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View Full Version : 3-D cake help needed...quick!



Christine
04-06-2007, 03:25 PM
I am making our Easter cake...wait, I should say I am "attempting" to make our Easter cake.

I have the Williams Sonoma 3-D bunny cake. The pan has the two halves of the bunny, then when the cakes are cooked and cooled, you stand them up and "glue" them together with icing. Well, he's starting to come apart at the seams!

I am thinking of using shishkabob skewers. Any ideas???

DizneyRox
04-06-2007, 03:37 PM
Skewers might be too thin, but it's worth a shot...

That's a tough one!

A long time ago my mother used to make a rabbit cake, much easier that I think what you're trying to do... Bake two round cakes. One you leave round, the other you cut into three shapes. Use the pan to create two almond shape pieces leaving a bowtie shape piece. Now you stack them the long way, the two almond shaped pieces are the ears, the round cake is the face, and the bowtie shape is a bowtie.

Frost it, as you wish and BINGO!

Good luck!

eas423
04-06-2007, 03:38 PM
Sounds like you and I would be on the same page....I would use two dowel rod horizontally...maybe you have too much "glue" in between the pieces?

You might also call the store to see if they have any suggestions...

Good luck!

Christine
04-06-2007, 03:40 PM
Thanks for the info...

This poor little guy...his hips are starting to spread. I have succeeded in making the first middle-aged Easter Bunny cake ever!

kakn7294
04-06-2007, 04:57 PM
I'm going to suggest that you keep him in the fridge - it will help firm up the icing "glue" and hopefully help keep him together until he can become dessert.

Christine
04-06-2007, 05:05 PM
DH has the camera today as he is out fishing. When he gets back, I will have to take a picture of this thing.

Do you think his family will be offended that I am serving them roadkill rabbit for dessert? Should I run to Kroger and buy some back-up cupcakes???:blush:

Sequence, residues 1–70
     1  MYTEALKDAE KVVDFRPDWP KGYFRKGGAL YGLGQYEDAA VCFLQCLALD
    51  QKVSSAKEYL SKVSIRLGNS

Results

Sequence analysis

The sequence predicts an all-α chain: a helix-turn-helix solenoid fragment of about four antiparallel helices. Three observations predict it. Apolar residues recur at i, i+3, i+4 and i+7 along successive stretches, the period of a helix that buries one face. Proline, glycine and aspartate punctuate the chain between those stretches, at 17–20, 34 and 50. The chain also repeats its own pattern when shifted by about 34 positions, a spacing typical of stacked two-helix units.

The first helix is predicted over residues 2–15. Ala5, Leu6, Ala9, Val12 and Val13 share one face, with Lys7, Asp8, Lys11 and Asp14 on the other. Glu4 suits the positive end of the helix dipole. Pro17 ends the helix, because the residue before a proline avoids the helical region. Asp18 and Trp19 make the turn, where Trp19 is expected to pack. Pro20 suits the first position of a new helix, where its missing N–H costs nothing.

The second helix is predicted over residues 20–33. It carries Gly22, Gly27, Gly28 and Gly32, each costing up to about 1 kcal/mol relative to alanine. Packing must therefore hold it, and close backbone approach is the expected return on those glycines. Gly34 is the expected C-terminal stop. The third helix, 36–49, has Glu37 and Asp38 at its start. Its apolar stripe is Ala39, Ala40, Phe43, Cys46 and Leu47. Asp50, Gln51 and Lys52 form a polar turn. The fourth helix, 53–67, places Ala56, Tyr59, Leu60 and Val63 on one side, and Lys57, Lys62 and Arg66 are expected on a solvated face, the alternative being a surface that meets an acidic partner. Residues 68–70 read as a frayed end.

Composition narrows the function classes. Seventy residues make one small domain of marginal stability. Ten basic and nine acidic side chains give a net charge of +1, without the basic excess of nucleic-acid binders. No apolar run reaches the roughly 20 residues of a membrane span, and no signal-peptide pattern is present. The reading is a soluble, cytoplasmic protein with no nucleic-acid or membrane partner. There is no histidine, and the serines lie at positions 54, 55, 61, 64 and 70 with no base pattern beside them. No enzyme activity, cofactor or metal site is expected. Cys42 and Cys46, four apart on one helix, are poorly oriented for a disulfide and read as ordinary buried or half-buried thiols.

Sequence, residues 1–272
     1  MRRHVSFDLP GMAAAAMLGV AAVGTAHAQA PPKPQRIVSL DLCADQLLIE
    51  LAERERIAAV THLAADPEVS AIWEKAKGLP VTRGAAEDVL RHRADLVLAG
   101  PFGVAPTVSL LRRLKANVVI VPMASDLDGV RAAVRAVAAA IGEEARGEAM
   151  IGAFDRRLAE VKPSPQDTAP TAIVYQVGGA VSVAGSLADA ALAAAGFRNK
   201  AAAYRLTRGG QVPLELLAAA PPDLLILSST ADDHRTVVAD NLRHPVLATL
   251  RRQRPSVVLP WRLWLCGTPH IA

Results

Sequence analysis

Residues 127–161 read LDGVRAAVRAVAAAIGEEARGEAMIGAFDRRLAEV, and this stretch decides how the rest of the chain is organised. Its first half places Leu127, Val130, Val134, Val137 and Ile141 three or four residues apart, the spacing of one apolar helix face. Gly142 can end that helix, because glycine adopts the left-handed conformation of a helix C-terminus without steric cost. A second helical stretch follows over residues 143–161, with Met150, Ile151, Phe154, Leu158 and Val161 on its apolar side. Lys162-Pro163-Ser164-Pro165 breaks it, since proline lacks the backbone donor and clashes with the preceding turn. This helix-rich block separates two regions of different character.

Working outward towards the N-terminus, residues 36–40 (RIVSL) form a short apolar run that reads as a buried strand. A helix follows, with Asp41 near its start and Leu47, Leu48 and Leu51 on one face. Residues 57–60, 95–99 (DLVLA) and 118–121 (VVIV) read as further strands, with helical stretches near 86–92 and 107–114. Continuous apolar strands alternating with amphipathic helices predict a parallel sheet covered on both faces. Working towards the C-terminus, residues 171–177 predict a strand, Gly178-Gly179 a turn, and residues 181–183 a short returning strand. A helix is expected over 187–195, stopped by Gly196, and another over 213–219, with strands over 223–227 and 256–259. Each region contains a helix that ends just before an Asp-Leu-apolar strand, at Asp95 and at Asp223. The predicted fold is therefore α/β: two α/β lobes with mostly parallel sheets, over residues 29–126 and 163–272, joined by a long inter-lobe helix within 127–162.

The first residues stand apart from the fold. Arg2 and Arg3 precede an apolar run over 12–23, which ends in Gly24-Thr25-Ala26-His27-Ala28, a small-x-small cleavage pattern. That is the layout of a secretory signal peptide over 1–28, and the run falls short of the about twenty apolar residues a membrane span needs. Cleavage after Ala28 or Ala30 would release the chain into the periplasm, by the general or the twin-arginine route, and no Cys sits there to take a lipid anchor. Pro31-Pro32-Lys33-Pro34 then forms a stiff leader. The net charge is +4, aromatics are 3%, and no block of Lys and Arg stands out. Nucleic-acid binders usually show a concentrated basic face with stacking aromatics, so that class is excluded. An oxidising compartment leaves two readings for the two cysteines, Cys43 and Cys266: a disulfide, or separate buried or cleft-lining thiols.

kakn7294
04-06-2007, 05:25 PM
Lay it on it's side - then it'll look like real roadkill. I wouldn't be offended by a cake that didn't turn out well as far as the decorations as long as it still tastes good but the cupcakes or some other dessert might not be a bad idea in case it really falls to pieces.

Beast_fanatic
04-06-2007, 05:40 PM
My sister tried making a 3D lamb cake years ago. His head kept falling off. Dowels did help, but it was very difficult to cut.

Dsnygirl
04-06-2007, 05:47 PM
Thanks for the info...

This poor little guy...his hips are starting to spread. I have succeeded in making the first middle-aged Easter Bunny cake ever!


Maybe if you weren't spending so much time beating Jasper on JQ, you would've noticed all the chocolate your bunny was eating... maybe that's why his hips are spreading... not that I would understand anything about that happening... I never eat too much Easter candy... :funny:

Seriously, no good advice here... I've made the same flat Easter bunny cake for years, but one year decided to put it in the oven while we went to church so the cat wouldn't be tempted... lets just say I should've looked before I turned the oven on for the ham! Can you say "melted rabbit" for dessert???:D

conorsmom2000
04-06-2007, 10:59 PM
Don't worry about how looks - it will taste great and everyone will be impressed with the effort! :mickey:

Just an fyi for the future - Wilton makes the best 3-D cake pans that I've used. I did a cute one for Conor's 1st birthday - it was a mini-cake, just for him of a bear - you had the front and back of the bear, that you put together into this little stand, poured the batter in the top, then clipped it closed, and baked it like that. When it cooled, you just unclipped it, took it out of the stand, and gently pulled the front and back off. Very easy! (and he looked stunned to a have a bear in front of him that he could eat! :D )

Jasper
04-06-2007, 11:14 PM
Was the cake completely cool before you started putting them together? If not, that will cause the icing to melt and allow it to come apart. Also, it is usually good to make the iceing for the glue stiffer than normal by not putting in as much liquid as you would for normal icing.


If all else fails though a few good dowel rods might help.

Marilyn Michetti
04-08-2007, 04:42 PM
Try the dowels, but I'm guessing maybe he wasn't completely cooked in the middle. Those 3-D pans can fool you into thinking they're done, but......

Good luck !:thumbsup:

Christine
04-08-2007, 07:30 PM
Well, it got ugly. Downright ugly! So for fear that the kids would be terrified of a rabbit cake that looked straight out of the Pet Cemetary movie, I made another cake in a plain old Bundt pan!

The bunny pan will be going on Ebay before next Easter!!:thedolls: